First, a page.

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However, sexiness is not the only reason. It also differentiated men from women, upheld conservative Chinese beliefs, kept women weak, and was thought to be a mark of gentility. Lin Yutang, a contemporary scholar and author, believes the foot was bound for sexual purposes. The bound foot harnessed a great deal of sexual power. The foot was mysterious. Its furtive nature aroused curiosity amongst men. The Chinese female was concealed from men for most of her youth, hidden in the house. The hidden feet followed this idea of the concealed female. The foot was always wrapped, and even when women slept they wore slippers. Sexual positions were often based upon the manipulation of the bound foot. It also had the erotic enticement of sadomasochism, bondage and domination. A woman was weak because of her bound feet and could therefore be at the mercy of her lover, which was sexually exciting to many men. Furthermore, some men had odor fetishes, and enjoyed the smell of the feet. It was common to use the foot in foreplay. Many men took pleasure in kissing, sucking, and chewing the foot. They would place it on their bodies, or even eat from it. Men would also use the crevice of the foot to stimulate their genitals.
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There were also many drinking games in which the men would try to drink from a cup placed in the shoe. A large part of the experience of prostitution was the drinking game. One such game involves tossing seeds or beans into the prostitute’s shoe. Each guest had a turn to throw the seed into the shoe from a foot and half away. The prostitute would then have the men who missed drink from a cup in her other shoe. Men found this extremely enticing. Besides for the sexiness of the foot itself, footbinding also resulted in a seductive walk and enticing body shape. A woman with bound feet had to walk with her weight on her heals her chest thrust outward, and her pelvis sticking backward. This led to a swaying walk, and that the muscles in the buttock and thigh became more developed creating a more curvaceous body. It was also thought to tighten the skin around the vagina; supposedly making the man feel like the woman was a virgin every time they made love. It was also said that women with bound feet were more attractive because they stepped lightly and carefully. It created a feeling of love and pity from men because of the weak and feminine posture that it created. A woman with bound feet could also, supposedly, move around more easily in bed.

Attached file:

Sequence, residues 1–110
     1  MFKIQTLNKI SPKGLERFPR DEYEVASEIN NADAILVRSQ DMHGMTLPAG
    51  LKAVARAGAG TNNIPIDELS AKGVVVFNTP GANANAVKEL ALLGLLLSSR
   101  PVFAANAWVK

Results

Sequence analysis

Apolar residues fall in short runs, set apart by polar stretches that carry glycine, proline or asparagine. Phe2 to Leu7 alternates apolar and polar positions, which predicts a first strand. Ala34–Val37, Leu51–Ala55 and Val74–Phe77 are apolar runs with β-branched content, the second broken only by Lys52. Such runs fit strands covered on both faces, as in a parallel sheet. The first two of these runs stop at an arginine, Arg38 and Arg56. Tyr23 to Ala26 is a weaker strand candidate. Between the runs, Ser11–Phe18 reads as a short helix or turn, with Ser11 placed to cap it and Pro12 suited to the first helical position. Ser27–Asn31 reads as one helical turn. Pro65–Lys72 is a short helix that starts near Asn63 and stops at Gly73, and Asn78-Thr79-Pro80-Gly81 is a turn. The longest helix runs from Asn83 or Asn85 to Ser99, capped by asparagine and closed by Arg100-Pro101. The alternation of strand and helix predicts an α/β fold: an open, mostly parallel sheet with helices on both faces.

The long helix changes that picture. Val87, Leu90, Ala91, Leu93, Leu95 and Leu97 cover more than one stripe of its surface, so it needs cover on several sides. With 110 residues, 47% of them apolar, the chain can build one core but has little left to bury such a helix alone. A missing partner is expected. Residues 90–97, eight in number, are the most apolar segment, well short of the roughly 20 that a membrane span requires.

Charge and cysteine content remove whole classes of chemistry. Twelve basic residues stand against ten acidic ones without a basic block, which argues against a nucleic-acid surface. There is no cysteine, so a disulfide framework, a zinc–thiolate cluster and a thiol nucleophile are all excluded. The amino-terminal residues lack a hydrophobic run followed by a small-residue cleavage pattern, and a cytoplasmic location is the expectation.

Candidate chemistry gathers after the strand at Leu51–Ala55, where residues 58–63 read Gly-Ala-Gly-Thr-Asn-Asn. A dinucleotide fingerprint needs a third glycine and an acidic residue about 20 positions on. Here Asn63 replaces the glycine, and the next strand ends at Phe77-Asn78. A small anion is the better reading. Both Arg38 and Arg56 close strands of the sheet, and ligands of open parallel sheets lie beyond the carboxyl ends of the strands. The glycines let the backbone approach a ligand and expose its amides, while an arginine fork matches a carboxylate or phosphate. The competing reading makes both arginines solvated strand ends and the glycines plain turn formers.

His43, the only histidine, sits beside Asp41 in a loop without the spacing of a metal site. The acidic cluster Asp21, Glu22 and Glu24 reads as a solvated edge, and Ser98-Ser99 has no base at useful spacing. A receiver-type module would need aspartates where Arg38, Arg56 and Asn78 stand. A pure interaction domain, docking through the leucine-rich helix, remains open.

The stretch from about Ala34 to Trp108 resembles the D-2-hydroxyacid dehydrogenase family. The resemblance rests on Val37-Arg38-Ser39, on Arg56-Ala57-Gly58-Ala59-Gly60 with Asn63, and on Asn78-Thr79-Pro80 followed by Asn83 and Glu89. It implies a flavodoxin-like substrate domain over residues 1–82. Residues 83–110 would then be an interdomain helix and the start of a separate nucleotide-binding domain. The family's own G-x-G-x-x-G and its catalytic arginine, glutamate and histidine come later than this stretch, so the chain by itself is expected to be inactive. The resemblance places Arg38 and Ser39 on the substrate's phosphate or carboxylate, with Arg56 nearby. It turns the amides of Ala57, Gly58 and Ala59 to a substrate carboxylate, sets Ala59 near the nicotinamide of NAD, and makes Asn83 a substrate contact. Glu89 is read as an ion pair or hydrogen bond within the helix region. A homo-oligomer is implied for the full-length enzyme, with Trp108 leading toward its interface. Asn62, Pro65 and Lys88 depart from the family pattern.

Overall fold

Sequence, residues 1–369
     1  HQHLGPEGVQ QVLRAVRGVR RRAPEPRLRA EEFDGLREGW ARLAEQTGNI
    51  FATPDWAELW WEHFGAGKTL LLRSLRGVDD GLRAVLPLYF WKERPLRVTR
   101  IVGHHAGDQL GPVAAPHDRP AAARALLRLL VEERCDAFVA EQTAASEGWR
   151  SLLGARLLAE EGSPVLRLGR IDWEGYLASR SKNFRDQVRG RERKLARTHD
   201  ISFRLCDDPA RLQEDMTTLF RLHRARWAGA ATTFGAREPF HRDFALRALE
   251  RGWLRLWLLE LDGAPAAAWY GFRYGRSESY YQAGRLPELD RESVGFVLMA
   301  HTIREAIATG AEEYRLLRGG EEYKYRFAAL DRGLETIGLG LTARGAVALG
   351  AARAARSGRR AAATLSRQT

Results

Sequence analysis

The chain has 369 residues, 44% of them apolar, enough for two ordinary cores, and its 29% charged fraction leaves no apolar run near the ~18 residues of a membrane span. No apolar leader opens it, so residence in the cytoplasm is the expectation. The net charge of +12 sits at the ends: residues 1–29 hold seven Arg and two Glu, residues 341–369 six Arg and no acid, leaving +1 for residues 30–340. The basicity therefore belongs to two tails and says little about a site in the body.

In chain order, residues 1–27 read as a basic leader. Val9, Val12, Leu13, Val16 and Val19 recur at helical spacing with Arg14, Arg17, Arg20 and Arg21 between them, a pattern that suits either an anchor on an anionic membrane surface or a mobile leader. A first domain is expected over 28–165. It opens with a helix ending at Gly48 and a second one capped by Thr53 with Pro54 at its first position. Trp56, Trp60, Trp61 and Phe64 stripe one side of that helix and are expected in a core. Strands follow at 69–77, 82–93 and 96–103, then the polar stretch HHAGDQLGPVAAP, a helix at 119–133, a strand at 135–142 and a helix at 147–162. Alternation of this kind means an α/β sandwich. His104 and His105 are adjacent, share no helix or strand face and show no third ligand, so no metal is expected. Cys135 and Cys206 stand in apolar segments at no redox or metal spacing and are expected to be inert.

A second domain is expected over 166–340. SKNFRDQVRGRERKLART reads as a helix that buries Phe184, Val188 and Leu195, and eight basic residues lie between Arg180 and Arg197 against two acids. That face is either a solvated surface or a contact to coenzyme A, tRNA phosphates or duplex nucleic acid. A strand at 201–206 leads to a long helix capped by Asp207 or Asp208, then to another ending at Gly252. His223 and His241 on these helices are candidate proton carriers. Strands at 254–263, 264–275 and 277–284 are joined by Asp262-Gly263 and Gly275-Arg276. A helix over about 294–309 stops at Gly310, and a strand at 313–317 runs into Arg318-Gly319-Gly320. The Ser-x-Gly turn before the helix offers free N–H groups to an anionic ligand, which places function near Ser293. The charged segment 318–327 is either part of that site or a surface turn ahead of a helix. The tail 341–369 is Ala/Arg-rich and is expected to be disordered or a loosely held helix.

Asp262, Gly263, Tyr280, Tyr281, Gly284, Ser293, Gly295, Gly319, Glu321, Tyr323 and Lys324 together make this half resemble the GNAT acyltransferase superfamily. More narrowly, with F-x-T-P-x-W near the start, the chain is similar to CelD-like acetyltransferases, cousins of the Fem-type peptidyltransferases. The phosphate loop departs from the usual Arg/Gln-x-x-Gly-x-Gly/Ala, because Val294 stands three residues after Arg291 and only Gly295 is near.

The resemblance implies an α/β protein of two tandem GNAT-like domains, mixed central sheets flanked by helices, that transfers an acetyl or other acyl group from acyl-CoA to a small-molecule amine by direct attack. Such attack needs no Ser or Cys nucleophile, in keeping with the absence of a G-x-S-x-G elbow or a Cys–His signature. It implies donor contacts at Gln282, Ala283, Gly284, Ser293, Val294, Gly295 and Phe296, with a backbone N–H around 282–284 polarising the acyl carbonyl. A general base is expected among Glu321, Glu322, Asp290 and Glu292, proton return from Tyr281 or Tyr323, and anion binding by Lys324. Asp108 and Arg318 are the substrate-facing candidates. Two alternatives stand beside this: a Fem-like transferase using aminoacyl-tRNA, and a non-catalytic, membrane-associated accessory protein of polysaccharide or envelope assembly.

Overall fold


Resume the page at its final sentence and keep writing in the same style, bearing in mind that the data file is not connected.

However, footbinding was tenacious in Chinese culture because it fit the traditional expectations of women. Footbinding was “an integral part of a man’s society which taught women to obey a strict and comprehensive moral code hallowed by time and tradition.” The Book of Rights, a Confucian classic, states that women must obey her father and elder brothers in her youth, her husband after marriage and her son after the death of her husband. The Confucian ideal for a woman was to be confined and subjugated by men. This ancient tenet stated, “A woman should never be heard outside her own home.” Footbinding kept a woman weak and easily dominated by her husband. She could not be mentally independent because footbinding restricted her physically. It also reflected well on her husband; if he could afford to keep a wife who was so helpless, he must be successful. Men wanted to marry virtuous ladies, as defined by the conservative changes of the Sung dynasty. This meant that she would be intellectually inferior as well as prepared to perform household tasks. She also must be passive and accept his every whim and desire. She should also have stoical endurance and have her reading restricted.